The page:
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In Photos: Arctic Shipwreck Solves 170-Year-Old Mystery

Cannon closeup

hms erebus, franklin expedition, underwater archaeology

(Image credit: Copyright Parks Canada)

Stamped on the HMS Erebus cannon are the initials "GR," surrounded by the motto "HONI SOIT QUI MAL Y PENSE" (shamed be he who thinks evil of it) and topped by a crown. This was the cipher of King George III.

Hook block

hms erebus, franklin expedition, underwater archaeology

(Image credit: Copyright Parks Canada)

Chief archaeologist Ryan Harris of Parks Canada examines a hook block recovered from the HMS Erebus wreck. This metal piece is part of the rigging of the ship, and may have been used to lower one of the ship's boats or in the Erebus' standing rigging.

HMS Erebus' rigging

hms erebus, franklin expedition, underwater archaeology

(Image credit: Copyright Parks Canada)

A closer look at the hook block from the HMS Erebus. This piece of rigging is made of a copper alloy and is marked with the inscription "6 1/4," which is the regulation size of the block in inches, according to Parks Canada.

Lost button

hms erebus, franklin expedition, underwater archaeology

(Image credit: Copyright Parks Canada)

A button from a Royal Navy tunic that must have belonged to one of the 13 Royal Marines who sailed on the Franklin voyage. Seven of these men were on the HMS Erebus, and the other six were on her sister ship, the HMS Terror, Harris told Live Science.

Second button

hms erebus, franklin expedition, underwater archaeology

(Image credit: Copyright Parks Canada)

A second Royal Navy tunic button found on the HMS Erebus. Researchers aren't sure if both buttons come from the same garment or not. The buttons sport a wreath of laurel leaves and a crowned anchor, a design used after 1812.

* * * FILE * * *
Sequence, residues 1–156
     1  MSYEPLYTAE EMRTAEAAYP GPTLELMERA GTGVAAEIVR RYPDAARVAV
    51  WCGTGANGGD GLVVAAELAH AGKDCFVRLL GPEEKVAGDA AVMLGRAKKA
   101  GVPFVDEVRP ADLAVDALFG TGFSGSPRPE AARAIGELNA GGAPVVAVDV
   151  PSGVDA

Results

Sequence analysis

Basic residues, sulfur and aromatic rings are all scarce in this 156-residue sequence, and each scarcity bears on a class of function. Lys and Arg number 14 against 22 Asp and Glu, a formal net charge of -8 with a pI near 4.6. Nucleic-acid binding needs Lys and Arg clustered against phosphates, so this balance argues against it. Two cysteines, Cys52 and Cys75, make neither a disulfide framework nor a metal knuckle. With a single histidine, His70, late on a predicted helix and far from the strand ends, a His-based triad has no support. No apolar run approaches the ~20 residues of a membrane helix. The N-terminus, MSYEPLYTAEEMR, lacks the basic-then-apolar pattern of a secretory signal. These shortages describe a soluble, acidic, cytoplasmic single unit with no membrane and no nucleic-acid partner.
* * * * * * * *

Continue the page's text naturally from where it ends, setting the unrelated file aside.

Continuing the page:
Recovered cannon

hms erebus, franklin expedition, underwater archaeology

(Image credit: Copyright Parks Canada)

A full-length view of the cannon recovered from the HMS Erebus. This gun shot 6-pound cannonballs and would have been brought on the voyage just in case of emergency, said Harris. It may have been sitting on the deck, or it may have been stowed in Franklin's own chambers, Harris added. Ice damage to the ship spilled many of the contents of Franklin's room out of the wreck.

Found plate

hms erebus, franklin expedition, underwater archaeology

(Image credit: Copyright Parks Canada)

Archaeologists discovered this plate in the common mess area on the HMS Erebus. That's unusual, Harris said, because generally only officers would use china. The discovery of plates aboard the ship meshes with an 1879 Inuk account by a man named Puhtoorak who said he'd boarded the deserted, icebound ship before it went down and found knifes, forks and plates in complete order.

Ceramic civilization

hms erebus, franklin expedition, underwater archaeology

(Image credit: Copyright Parks Canada)

A detailed look at one of the ceramic plates found aboard the HMS Erebus. This plate was decorated with the common blue willow pattern and is stamped "Royal Patent Staffordshire China."

Erebus china

hms erebus, franklin expedition, underwater archaeology

(Image credit: Copyright Parks Canada)

Another plate found on the HMS Erebus boasts a flow blue Whampoa pattern, another popular design. The pattern was meant to represent Whampoa Island, China. On the back of this plate is a stamp with the word "Whampoa" surrounded by a blue flourish.

Sun-powered light

hms erebus, franklin expedition, underwater archaeology

(Image credit: Copyright Parks Canada)

Some of the HMS Erebus artifacts reveal the ingenuity of sailors in the days of 19th-century technology. This glass prism was an illuminator, which sat in the upper decking and directed sunlight to the dim lower deck below.